Last week was no doubt a memorable one for many local residents as students walked the stage in caps and gowns celebrating a whole host of accomplishments founded in the Red Lake area. Whether they were commemorating the completion of Kindergarten and Grade 8 or receiving their Ontario Secondary School Diplomas, students eagerly shook the hands of their mentors and smiled for photos all while their community basked in the glory of a job well done with tears in their eyes and Kleenex on standby.
Graduation is no small feat. It’s a testament to some serious hard work and dedication that required students to not only open those books and learn the material, but to attempt something new, survive the hallway politics and keep pushing forward when the road got rocky—and the road does get rocky sometimes doesn’t it?
While graduation at any stage of life certainly paves the way for a leap in a new direction, for high school students this sentiment is especially true. Long gone are your days of close parental supervision, homework checks and the comforting familiarity of the teachers you’ve had steering you for the past four or five years. Home cooked meals may soon be a thing of the past as will your weekly allowance, laundry service and Mom and Dad cab rides all over town.
Childhood friends will migrate in different directions as some head off to post secondary schools in bigger communities, others catch flights oversees for international experiences and some run clambering into their new careers eager to put schooling behind them and try their luck at the “real world” they’ve been warned about. It’s hard not to be sentimental and while there are no doubt some serious changes on the horizon, now is hardly the time to feel down in the dumps or sad to be moving on . . . heck there’s so many exciting things that await you out there!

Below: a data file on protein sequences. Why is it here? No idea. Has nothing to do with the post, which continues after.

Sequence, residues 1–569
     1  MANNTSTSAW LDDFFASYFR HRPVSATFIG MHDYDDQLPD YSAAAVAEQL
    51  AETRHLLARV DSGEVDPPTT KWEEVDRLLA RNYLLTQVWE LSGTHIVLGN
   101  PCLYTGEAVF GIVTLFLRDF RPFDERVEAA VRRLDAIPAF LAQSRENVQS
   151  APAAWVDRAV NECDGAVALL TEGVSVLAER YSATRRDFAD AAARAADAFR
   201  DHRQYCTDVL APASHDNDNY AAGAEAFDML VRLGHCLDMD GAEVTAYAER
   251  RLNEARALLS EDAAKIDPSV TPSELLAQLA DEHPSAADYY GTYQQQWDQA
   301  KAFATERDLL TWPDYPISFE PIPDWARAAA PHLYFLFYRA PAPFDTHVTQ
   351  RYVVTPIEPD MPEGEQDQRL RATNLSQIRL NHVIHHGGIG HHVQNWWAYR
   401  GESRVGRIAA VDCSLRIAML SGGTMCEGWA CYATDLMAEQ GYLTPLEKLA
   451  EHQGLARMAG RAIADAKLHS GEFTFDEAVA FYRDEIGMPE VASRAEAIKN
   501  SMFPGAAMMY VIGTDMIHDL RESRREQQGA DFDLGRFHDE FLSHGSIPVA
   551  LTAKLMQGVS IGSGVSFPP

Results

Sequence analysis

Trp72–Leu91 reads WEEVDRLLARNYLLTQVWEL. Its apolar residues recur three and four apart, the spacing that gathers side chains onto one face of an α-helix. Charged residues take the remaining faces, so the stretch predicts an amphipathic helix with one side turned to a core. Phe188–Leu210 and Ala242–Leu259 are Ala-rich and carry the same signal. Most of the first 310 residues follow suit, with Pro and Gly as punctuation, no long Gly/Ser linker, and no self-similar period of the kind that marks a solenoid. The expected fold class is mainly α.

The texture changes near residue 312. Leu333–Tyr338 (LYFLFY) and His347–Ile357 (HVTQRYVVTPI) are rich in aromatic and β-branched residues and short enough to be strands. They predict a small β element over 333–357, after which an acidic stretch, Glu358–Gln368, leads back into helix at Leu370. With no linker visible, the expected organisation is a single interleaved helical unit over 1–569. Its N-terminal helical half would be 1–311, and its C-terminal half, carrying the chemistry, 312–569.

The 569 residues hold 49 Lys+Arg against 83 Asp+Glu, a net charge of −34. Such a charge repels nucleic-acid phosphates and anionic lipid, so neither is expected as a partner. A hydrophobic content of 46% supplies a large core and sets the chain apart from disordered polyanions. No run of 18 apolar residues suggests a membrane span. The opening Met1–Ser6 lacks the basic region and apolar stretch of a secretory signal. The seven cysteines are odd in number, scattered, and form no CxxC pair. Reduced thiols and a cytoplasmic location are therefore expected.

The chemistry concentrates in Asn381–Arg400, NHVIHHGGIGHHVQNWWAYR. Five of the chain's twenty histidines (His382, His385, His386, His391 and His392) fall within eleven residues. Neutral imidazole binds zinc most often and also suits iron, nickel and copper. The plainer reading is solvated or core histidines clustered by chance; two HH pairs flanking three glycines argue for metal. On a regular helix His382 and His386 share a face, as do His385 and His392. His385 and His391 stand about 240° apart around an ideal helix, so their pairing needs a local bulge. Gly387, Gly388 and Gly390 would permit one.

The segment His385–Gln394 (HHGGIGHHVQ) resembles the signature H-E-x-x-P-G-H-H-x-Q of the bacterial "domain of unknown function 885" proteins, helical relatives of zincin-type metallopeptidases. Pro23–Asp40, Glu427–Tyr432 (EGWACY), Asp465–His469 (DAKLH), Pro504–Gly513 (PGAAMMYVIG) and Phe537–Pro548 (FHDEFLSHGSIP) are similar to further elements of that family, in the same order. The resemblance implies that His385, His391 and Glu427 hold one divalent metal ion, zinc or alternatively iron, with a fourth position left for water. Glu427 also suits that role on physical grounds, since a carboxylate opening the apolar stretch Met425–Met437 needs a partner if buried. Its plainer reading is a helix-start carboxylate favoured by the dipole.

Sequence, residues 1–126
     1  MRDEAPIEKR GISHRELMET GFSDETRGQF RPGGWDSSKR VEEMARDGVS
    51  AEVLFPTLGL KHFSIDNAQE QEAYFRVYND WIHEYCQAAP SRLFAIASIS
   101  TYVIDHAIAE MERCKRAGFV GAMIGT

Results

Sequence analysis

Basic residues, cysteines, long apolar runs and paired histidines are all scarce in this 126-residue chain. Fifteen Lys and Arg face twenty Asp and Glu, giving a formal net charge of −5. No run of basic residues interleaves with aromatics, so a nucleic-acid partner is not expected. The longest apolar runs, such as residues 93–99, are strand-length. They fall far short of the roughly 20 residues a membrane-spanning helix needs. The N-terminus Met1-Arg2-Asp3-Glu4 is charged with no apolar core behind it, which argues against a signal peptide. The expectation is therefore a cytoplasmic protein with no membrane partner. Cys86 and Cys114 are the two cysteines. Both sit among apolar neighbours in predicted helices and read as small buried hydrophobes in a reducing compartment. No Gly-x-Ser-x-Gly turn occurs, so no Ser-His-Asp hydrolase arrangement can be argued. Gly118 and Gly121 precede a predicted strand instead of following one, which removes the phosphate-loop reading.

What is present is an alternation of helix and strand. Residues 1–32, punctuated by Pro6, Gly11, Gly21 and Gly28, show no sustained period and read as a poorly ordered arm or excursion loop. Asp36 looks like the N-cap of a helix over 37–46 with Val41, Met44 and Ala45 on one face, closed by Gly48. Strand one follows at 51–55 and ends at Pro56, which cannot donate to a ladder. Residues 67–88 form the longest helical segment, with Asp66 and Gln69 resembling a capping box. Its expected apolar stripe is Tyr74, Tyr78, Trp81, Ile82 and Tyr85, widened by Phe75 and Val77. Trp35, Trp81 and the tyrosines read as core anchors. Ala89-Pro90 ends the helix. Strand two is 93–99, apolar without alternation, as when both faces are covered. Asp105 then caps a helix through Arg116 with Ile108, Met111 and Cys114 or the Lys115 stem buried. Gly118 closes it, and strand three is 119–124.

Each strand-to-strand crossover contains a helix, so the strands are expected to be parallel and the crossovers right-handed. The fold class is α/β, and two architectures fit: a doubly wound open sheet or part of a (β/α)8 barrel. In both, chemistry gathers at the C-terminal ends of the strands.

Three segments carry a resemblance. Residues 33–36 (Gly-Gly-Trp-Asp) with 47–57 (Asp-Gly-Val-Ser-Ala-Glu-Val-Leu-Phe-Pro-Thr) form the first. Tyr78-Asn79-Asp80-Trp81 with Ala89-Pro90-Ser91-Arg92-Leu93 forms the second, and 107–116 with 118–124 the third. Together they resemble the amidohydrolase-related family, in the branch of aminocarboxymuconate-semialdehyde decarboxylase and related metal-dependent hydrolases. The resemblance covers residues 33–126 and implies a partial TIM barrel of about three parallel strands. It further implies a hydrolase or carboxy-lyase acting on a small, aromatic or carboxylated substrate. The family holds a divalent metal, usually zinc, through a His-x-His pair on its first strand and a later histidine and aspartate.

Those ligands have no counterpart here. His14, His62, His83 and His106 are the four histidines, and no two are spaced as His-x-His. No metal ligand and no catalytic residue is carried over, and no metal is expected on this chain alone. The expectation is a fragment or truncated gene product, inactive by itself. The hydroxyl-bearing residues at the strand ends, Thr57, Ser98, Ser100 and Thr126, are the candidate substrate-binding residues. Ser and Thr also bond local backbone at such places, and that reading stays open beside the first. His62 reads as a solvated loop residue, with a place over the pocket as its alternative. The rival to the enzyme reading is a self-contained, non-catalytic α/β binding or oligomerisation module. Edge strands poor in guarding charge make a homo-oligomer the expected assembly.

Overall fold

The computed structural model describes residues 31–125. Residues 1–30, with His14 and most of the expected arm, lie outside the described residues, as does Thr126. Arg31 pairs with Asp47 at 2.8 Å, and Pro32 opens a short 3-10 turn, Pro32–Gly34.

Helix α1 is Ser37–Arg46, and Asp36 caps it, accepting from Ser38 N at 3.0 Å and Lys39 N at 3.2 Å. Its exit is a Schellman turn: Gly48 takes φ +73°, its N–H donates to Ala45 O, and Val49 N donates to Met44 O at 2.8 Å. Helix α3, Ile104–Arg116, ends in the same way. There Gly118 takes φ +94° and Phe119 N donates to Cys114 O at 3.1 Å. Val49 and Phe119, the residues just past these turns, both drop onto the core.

I was an apprehensive graduate. I was absolutely ready to be done high school, make new friends and try something new in theory but when it came time to actually take that step and crawl out from under my parents’ wings, the thought of leaving Red Lake and starting fresh in a new school and in a new community absolutely terrified me.
Did I want to live in residence? Had I picked the right major? Would I get lost trying to navigate the bussing system? Could I survive on Kraft Dinner and chicken noodle soup? What did I want to be when I “grew up”? The whole process was very overwhelming and stress inducing but here’s the thing: I survived. Sure I made some mistakes—I had some longer then expected walks home after getting on the wrong bus, dropped a few classes that didn’t end up being as exciting as I thought they’d be and I absolutely missed the comfort of my own bed on more than one night or two—but my experiences after graduating from high school absolutely helped frame the person who I’ve become now and despite their ups and downs, I wouldn’t change that for the world.
It’s hard not to be anxious when facing anything new. That’s post-graduation lesson number one. The fun part is learning how to overcome that anxiety and finding the confidence you need to push through even the most trying situations and find success no matter how small. And you will push through because here’s the thing, your teachers, your parents, your employers, your family members and friends have all prepared you well for this moment and while I’m sure you’ll shed a tear or two in upcoming weeks, now is the time to take a bite out of life and really discover who you are now and who you will one day become.
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uh huh... stephen harper wants you to be scared
I'm not sure what they would or could do with them and that's what sca
i would totally give those guys in Melno an album full of baby picture
The safety of the patient during transfer should be the main concern h
Awesome! I was in the Pinocchio performance when I was seven or eight,